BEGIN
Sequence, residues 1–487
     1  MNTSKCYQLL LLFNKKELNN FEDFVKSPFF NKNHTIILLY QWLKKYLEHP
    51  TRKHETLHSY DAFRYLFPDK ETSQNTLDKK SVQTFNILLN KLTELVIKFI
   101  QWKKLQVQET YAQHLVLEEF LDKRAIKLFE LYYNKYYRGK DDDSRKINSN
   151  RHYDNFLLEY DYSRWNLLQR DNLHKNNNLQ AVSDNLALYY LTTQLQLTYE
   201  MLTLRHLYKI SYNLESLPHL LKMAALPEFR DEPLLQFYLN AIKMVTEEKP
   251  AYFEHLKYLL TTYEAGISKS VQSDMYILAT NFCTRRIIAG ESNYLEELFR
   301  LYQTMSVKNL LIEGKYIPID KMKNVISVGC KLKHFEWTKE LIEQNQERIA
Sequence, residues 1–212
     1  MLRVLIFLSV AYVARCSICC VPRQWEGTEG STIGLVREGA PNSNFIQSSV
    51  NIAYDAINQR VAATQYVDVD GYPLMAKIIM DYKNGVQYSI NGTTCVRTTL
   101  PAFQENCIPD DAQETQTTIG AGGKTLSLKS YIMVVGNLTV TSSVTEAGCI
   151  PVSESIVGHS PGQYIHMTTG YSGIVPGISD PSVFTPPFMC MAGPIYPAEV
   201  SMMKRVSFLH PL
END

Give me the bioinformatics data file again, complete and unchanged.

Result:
Sequence, residues 1–487
     1  MNTSKCYQLL LLFNKKELNN FEDFVKSPFF NKNHTIILLY QWLKKYLEHP
    51  TRKHETLHSY DAFRYLFPDK ETSQNTLDKK SVQTFNILLN KLTELVIKFI
   101  QWKKLQVQET YAQHLVLEEF LDKRAIKLFE LYYNKYYRGK DDDSRKINSN
   151  RHYDNFLLEY DYSRWNLLQR DNLHKNNNLQ AVSDNLALYY LTTQLQLTYE
   201  MLTLRHLYKI SYNLESLPHL LKMAALPEFR DEPLLQFYLN AIKMVTEEKP
   251  AYFEHLKYLL TTYEAGISKS VQSDMYILAT NFCTRRIIAG ESNYLEELFR
   301  LYQTMSVKNL LIEGKYIPID KMKNVISVGC KLKHFEWTKE LIEQNQERIA
Sequence, residues 1–212
     1  MLRVLIFLSV AYVARCSICC VPRQWEGTEG STIGLVREGA PNSNFIQSSV
    51  NIAYDAINQR VAATQYVDVD GYPLMAKIIM DYKNGVQYSI NGTTCVRTTL
   101  PAFQENCIPD DAQETQTTIG AGGKTLSLKS YIMVVGNLTV TSSVTEAGCI
   151  PVSESIVGHS PGQYIHMTTG YSGIVPGISD PSVFTPPFMC MAGPIYPAEV
   201  SMMKRVSFLH PL